By Tina Scruggs – Multimedia Editor – email@example.com
Soft piano music filled the softly illuminated stage in the Carol Belk Theatre on Thursday, Feb. 20. The memorial served to celebrate student Claire Milner’s life.
Milner, a junior drama student, would have played the magistrate in this spring’s modern production of A Midsummer Night’s Dream, said Laura Bond, chair of the drama department. Milner passed away in a car accident on Feb. 17 in Tennessee, according to her obituary.
“It is an opportunity for students, faculty and staff to come and express any of their wishes or memories or fondness for Claire. People can make a memorial ribbon — Claire was really into Harley Quinn — so that’s why the ribbons are red and black,” Bond said.
In the theater, two Victorian-era gowns and a suit sat illuminated onstage, while students looked at photos depicting the many faces Milner wore. Many students were sprawled on the floor, writing memories and notes to Milner.
“Rob Berls, a drama professor, made a wooden box and carved her name on the top of it, and we’re asking people to put in pictures or notes and that’s going to be mailed, with its contents, to her family,” Bond said.
Scott Walters, a professor of drama, directed Milner in The Importance of Being Earnest. He described her as a very articulate young woman who was not shy to speak up in class. He said she was intense with her career and desire to do theater.
“I’d always avoided doing that play because the role she played — her name was Lady Bracknell — was an older character, but extraordinarily powerful. At the college level, it’s sometimes difficult to find an actress who can play the age and power. People can play little old ladies, but the power is hard. I decided to take a chance and do that play, and Claire just came in and grabbed that role and made her funny, powerful and focused. She just did an awesome job,” Walters said.
Andi Epenshade, a drama student, said he remembered working with Milner on The Importance of Being Earnest.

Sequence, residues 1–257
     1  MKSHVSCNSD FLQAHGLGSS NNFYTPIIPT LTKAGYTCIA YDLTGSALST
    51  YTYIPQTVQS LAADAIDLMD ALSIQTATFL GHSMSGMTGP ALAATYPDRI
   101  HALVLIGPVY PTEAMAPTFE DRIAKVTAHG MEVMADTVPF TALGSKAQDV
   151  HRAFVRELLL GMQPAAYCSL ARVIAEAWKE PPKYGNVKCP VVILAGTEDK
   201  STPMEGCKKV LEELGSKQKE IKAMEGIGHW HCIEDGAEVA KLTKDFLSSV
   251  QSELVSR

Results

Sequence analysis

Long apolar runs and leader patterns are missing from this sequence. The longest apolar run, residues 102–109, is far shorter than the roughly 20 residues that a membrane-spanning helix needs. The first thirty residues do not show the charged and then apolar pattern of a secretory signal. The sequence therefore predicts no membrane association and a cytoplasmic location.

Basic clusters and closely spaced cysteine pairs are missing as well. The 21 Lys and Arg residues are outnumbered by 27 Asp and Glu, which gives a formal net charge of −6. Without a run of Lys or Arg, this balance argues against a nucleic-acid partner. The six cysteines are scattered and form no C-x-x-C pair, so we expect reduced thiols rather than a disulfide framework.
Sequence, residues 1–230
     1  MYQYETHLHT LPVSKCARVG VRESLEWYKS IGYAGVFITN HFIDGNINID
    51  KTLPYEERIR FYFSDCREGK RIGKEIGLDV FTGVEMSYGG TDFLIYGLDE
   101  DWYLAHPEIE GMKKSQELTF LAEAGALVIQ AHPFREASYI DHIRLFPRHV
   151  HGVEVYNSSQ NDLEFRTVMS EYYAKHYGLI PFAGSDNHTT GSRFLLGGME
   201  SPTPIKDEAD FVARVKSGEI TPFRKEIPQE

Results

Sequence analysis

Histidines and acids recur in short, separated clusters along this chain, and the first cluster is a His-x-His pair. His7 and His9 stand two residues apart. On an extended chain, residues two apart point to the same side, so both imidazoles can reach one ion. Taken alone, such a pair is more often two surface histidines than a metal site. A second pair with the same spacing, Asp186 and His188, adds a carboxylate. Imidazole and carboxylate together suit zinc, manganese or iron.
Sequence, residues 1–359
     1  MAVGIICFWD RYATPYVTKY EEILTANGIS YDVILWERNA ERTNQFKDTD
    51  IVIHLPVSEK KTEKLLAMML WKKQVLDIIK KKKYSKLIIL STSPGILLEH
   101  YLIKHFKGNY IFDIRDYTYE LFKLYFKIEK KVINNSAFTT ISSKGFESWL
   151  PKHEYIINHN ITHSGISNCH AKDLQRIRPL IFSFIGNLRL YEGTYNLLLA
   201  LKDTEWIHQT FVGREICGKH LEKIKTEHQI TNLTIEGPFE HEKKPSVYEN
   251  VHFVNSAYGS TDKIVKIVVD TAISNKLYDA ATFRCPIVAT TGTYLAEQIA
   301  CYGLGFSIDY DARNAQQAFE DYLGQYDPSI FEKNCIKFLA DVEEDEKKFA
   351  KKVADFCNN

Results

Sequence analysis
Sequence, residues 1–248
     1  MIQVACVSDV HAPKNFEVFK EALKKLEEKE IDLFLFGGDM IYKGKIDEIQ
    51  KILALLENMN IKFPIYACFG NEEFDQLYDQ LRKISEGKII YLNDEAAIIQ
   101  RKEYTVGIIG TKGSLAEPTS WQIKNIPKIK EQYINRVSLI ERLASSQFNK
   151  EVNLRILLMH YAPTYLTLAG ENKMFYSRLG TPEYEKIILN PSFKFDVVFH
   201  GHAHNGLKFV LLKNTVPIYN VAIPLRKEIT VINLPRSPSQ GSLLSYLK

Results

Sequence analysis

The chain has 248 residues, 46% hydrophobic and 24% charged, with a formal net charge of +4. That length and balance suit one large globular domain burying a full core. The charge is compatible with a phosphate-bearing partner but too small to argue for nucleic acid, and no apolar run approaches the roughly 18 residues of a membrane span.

“Period acting was her favorite thing, so she was very excited. She wasn’t super excited about her role because she was playing an older lady, but she was very, very, very good at it,” Epenshade said.
He said Milner always had the department’s thoughts as her top priority.
“She was a little hard on herself whenever she was rehearsing scenes. It was entirely about the performance. It was just ridiculous dedication,” the senior said.
Epenshade said he knew she was very into cosplay, she designed and made many of her own costumes. He even saw her on the cover of a local Asheville paper dressed up with other cosplayers.
“She would find pieces and she would alter them or she would create them herself. She was very dedicated,” he said.
Bond, who taught Milner in an acting class, described her as a very smart, vibrant young lady who was passionate about acting and costumes.
“She loved playing characters who were really big and broad and she would go with great gusto into a character and put everything, from head to toe into it. The thing I’ll miss the most is her excitement for the classics and she loved really getting into discussions in classes,” Bond said.
“People I didn’t know had met her and knew her. Claire was like everybody’s cousin, so it hit us all so quickly,” said Korinne Dunn, a senior drama student.
Hannah Criswell, junior art history student, said she only had a few interactions with Milner, but they were all very sweet. At a concert at the Orange Peel when Criswell got food poisoning, Milner left the concert to take the sick-feeling Criswell home.
“She was willing to give up seeing They Might Be Giants so I could be healthy. That made a big impression on me. That’s how I’ll remember her — being very kind,” Criswell said.
According to Walters, Milner hoped to play the character Puck in A Midsummer Night’s Dream, but she was cast in a smaller role. Before she passed away, the costume for her character, the master of the revels, was finished.
“It had big round glasses, a several thousand dollar suit that the costume designer had in his own collection, and she just looked like she was so happy. Like this was way better than she thought the character was going to be and I was really looking forward to seeing her develop that character,” Walters said.
Milner wanted to play more leading ladies and ingenues, but Walters said she had incredible talent as a character actress and comedian.
“I spent a good deal of time over the year and a half that I knew her trying to convince her how rare the type of talent that she had was and that she really needed to appreciate and celebrate that,” Walters said.